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Yawnz13 3 points ago +3 / -0

And here I am wondering where all these people got their privately-owned, armed ships.

https://awiatsea.com/Privateers/Privateers_A.html

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Yawnz13 1 point ago +1 / -0

Masks do work, vaccines do work.

What we're seeing is hyperreality that induces people into believing that cloth handkerchiefs worn haphazardly over the face = properly worn and rated masks and that the COVID placebos that grant no immunity to the disease = vaccines.

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Yawnz13 1 point ago +1 / -0

This is just true by definition always, at all times and in all circumstances, but it's not the question of interest. The question of interest is: do the cloth masks they're being forced to wear attenuate enough COVID-19 virii to prevent a significant number of illness transmissions ?

That isn't a demonstration of anything being wrong, that is supporting my argument.

Sure the viral load is always delivered in spittle or it breaks off from that and goes airborne. But the scenarios in which sufficient spittle would be expelled then inhaled are very very limited- sudden big sneeze in elevator or face to face etc.

When people say "masks don't work" they mean a combination of 1) masks don't work to stop the spread of this disease in this real world and in fact and 2) ordinary cloth masks aren't known, in this real world and in fact, to stop the spread of a viruses generally.

And again, more support. The fact that cloth masks were considered a suitable barrier should've been a tip off that the severity of the "pandemic" was not nearly as high as touted.

If inadequately rated/worn protection is being considered adequate by those demanding it's use, the conclusion should not be "protection doesn't work", it should be "the problem isn't that bad".

"Masks don't work" must invariably include all types of masks worn all types of ways. People wearing inadequately rated masks improperly and still not experiencing the problem is not indicative of "masks not working" being true, but that "the problem isn't that bad".

Oh look, we're being mandated that we wear a mask to stop the spread of a supposedly airborne virus, but a mask that is not rated is seen as an adequate solution my those pushing the mandate in the first place? Must mean that the virus isn't actually airborne, or that the liklihood of spreading the virus isn't as high as we're being led to believe, or that the disease isn't as severe in the majority of the population.

None, some or a lot of the info in my next post gets read by people, or, by people they trust. Maybe they just "notice" that people around them aren't dropping dead like it's the freaking Black Death of the Dark Ages. At any rate, all of this information gets processed by them then digested then condensed then represented in speech as: "masks don't work" "lockdowns don't work".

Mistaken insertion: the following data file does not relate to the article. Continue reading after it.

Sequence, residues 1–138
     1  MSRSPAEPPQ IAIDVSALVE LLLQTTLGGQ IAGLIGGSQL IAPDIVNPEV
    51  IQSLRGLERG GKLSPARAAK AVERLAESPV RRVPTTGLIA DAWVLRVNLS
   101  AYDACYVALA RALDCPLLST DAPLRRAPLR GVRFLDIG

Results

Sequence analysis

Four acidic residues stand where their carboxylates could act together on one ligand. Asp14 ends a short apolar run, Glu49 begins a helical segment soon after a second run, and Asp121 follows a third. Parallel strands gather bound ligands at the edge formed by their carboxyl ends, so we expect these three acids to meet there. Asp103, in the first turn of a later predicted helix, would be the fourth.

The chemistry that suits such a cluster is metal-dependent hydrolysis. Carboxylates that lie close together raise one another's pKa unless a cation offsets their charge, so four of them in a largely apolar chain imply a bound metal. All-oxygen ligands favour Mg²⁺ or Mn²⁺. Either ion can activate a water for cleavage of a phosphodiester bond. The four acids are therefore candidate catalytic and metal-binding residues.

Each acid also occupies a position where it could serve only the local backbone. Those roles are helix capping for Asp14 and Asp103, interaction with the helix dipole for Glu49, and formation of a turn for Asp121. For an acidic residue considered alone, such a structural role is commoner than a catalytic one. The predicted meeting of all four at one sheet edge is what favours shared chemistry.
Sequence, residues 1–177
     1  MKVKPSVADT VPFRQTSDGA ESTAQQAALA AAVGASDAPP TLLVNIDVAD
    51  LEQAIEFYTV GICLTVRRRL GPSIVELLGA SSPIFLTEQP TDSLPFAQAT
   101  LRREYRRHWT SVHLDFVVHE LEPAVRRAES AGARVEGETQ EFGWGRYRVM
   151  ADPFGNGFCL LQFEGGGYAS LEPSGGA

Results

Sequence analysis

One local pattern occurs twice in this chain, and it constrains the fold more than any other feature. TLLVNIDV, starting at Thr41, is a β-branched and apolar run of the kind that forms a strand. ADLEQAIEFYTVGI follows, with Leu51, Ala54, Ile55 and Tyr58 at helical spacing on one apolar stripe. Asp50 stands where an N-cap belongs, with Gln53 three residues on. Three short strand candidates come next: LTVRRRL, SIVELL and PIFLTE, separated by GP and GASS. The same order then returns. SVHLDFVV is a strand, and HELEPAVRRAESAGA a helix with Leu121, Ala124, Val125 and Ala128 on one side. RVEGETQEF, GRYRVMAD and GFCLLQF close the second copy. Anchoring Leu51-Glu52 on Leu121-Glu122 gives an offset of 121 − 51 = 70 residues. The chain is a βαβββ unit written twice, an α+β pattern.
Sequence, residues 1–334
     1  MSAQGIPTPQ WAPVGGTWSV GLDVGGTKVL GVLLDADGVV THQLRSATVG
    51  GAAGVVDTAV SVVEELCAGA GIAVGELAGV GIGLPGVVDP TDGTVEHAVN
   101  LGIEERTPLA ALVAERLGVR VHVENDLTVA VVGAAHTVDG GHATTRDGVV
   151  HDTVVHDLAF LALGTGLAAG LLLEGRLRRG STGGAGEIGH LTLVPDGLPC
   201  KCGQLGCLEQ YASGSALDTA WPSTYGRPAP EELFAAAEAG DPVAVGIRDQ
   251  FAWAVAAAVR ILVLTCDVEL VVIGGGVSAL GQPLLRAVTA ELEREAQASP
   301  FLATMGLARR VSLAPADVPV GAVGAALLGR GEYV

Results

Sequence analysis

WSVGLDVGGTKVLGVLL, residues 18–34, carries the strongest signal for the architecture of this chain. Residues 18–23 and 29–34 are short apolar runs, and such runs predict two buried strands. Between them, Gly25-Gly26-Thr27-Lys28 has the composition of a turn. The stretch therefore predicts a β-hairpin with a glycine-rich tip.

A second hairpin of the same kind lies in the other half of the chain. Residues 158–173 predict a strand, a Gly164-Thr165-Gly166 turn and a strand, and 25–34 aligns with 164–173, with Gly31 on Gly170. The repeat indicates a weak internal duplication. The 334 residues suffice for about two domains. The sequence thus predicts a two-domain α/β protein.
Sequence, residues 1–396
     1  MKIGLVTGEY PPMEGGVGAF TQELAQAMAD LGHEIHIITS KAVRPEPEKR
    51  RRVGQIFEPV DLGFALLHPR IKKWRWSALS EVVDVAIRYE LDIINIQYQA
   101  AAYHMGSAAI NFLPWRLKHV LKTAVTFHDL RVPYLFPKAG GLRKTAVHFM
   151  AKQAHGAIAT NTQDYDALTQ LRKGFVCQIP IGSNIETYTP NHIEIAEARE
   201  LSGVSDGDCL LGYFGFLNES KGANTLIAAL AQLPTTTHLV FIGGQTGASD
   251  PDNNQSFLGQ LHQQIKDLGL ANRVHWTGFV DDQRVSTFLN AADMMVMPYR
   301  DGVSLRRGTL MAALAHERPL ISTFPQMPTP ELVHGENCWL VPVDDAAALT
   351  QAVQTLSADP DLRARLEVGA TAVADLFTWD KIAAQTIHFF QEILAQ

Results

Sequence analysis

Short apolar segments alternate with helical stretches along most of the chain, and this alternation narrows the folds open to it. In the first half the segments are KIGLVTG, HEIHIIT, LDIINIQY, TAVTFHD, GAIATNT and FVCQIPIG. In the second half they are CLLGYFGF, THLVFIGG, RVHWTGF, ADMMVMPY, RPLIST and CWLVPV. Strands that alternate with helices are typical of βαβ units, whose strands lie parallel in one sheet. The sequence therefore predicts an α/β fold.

And that's OK. No one knows how people process the non-stop inflow of information of all types from their senses and their reading and interactions and conscious and preconscious and unconscious thinking to arrive at an accurate picture of reality. It's a big fat mystery.

You've essentially restated my entire point. Why do people condense information down into these generalized conclusions (i.e. wild extrapolations based of limited data)? Because it appeals to them. It's a heuristic driven by confirmation bias.

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Yawnz13 2 points ago +2 / -0

The problem with looking at VAERS is again people extrapolating nonsensical ideas from limited data. All VAERS shows is that X number of people presented Y condition within Z amount of time after getting a particular vaccine. It's a classic correlation =/= causation issue.

Take the problem with the live polio vaccine. Several batches were contaminated with another virus. The government freely admits this, but many people simply don't believe anything the government says anyway, so they'll never be satisfied with any answer given them.

Arguments citing VAERS are similar. They purposefully refuse to take into account possible contamination during manufacture, shipping, storage, and administration of the vaccine because the vaccine itself being the problem plays into their pre-existing bias.

The virus size vs mask pore size is likewise a similar argument that ignores certain points, i.e. that the virus itself is not simply floating around in the air on it's own. It's suspended in liquid droplets or on more solid particles like dust. Tangentially, "masks don't work" relies on a similar ignoring of evidence, i.e. that the vast majority of people aren't wearing masks that were ever designed to work for the purpose they're being used for. Masks do work when they are worn properly and are rated for their intended use. Saying "masks don't work" is like saying "guns don't work" when someone fails to defend themselves because they shot their attacker with a BB gun instead of an actual gunpowder-using firearm.

Also, "democratic republic" is redundant. All republics are democratic in nature.

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Yawnz13 2 points ago +2 / -0

I personally don't buy the idea that these thoughts originate from actions done by the media. The originate from the person's own pre-existing thoughts and feelings and are simply exacerbated by the hyper-reality presented to them by the media they choose to consume (a choice also based on said pre-existing thoughts and feelings).

The whole "mass poisoning" angle is just another one of those wild extrapolations made as a result of the mentioned interaction. They see focus placed on people getting the vaccine, so they automatically believe that there is something sinister in the vaccine itself. I've already been through several other "mass poisonings" from other vaccines, chemicals in my food, fluoride in my water, chem trails in the air, and radiation from my cell phone.

Similiarly, I've lived through other "mass poisonings" that would supposedly have been the result of Trump's net neutrality ruling, lowering my taxes, reductions in illegal immigration, the "Muslim ban", etc.

These are essentially the same people. Both sides win gold medals in long jumping to conclusions based not on actual evidence, but how the media they choose to consume interacts with their own pre-existing biases.